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PostPosted: Sat Nov 20, 2004 02:14 
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alanw wrote:
I couched my proposal in the form that the authorities can make whatever traffic driving regulations they like, but if the defendent can show his/her actions were safe then he/she cannot be convicted.

In that form, the burden of proof does fall on the defendent. The advantage is that it disables all unreasonable application of regulations.

Yes, I believe that the alcohol laws are also applied totally unreasonably at times and defendents should be similarly protected by a sanity clause.

Again, if bureaucrats cannot prove something is unsafe, why should we let them assume it????

Yes, but if the burden of proof falls on the defendant such cases would be absolutely impossible to prove.

If society has decided that driving above 30 mph on a stretch of road is illegal, then how can you prove that 33 mph was safe?

If society has decided that driving with a blood-alcohol level above 80 mg is illegal, then how can you prove that 90 mg was safe?

We have to accept that, statistically, certain behaviours can be judged unsafe and illegal, even if a small proportion of such behaviours are not unsafe.

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PostPosted: Sun Nov 21, 2004 03:46 
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Actually, I am totally perplexed in trying to understand your logic, Peter.

You seem to be saying that the only possible (and rational) determination of what is safe is what is declared to be so by some bureaucratic process - eg in setting arbitrary speed limits.

Is that really what you mean? It seems quite bizarre to me, but then as a scientist I am used to using logic and evidence.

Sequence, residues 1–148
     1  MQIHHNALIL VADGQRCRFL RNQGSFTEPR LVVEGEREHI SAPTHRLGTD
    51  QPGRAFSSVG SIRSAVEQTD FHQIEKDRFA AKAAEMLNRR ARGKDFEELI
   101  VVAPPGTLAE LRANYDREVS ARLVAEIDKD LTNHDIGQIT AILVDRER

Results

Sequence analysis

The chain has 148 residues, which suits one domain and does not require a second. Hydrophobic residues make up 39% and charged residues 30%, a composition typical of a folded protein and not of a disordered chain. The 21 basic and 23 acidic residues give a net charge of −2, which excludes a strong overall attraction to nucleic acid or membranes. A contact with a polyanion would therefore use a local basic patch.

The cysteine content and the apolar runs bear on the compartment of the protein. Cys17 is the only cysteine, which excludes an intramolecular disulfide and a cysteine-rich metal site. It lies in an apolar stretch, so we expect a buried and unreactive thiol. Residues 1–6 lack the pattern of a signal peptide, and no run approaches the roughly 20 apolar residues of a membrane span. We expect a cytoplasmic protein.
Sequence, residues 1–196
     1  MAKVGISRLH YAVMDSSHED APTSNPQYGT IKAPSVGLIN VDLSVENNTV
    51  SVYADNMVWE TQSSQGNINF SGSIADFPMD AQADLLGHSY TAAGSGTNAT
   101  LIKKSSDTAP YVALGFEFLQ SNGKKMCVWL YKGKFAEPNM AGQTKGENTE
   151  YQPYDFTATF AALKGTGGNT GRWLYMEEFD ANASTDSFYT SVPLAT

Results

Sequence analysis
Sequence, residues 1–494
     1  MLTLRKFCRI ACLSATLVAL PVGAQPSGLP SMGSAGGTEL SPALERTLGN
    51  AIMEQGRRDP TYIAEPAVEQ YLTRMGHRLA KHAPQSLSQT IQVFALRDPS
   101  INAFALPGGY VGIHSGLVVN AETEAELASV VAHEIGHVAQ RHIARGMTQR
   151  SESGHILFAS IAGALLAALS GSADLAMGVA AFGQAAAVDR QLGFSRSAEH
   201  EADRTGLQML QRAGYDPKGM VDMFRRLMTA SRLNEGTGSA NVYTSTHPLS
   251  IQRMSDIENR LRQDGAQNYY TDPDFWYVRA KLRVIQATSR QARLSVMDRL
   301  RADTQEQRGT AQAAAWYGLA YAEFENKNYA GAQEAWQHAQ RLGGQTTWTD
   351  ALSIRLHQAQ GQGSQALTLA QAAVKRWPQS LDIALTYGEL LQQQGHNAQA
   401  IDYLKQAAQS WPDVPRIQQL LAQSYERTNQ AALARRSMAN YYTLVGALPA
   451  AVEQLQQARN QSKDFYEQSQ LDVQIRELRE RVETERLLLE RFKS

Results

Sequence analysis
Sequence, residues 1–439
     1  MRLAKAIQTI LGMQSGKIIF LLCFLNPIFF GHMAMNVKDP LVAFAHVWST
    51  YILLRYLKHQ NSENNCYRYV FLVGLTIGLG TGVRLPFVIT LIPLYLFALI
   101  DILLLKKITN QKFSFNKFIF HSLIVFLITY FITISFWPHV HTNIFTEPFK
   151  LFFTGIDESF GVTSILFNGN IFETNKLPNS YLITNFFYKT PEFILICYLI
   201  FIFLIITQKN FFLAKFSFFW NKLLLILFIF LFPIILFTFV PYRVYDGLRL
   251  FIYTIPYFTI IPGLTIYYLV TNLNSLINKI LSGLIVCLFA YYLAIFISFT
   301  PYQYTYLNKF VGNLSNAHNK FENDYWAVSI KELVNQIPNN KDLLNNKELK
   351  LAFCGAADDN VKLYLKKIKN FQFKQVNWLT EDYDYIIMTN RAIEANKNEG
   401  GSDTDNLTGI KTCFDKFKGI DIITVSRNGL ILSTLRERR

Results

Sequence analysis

How would I prove anything was safe? By considering all reasonably possible events and showing that my actions were consistent with avoiding an accident if they occured. By measuring and calculating the physical properties involved in order to do that. By using normal engineering standards and processes as appropriate.

I presume you would have to prove that when your blood alcohol level was at 90 mg that all your physical and mental processes and faculties were operating within the normal range of other legal drivers under those conditions - for example those with 75 mg levels!

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PostPosted: Sun Nov 21, 2004 04:01 
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PeterE wrote:
We have to accept that, statistically, certain behaviours can be judged unsafe and illegal, even if a small proportion of such behaviours are not unsafe.


This is a very serious mistake and is the source of a very great deal of injustice. Typically it is used by bureaucrats and politicians to exploit the classical statistical "ecological fallacy" - where some average property of a population is assumed without further evidence to be informative of the whole population. But the average may conceal totally disparate sub-populations to many or all of which the average value is non-applicable.

(The simple example is the 50% female population - where actually none of the individuals are 50% female.)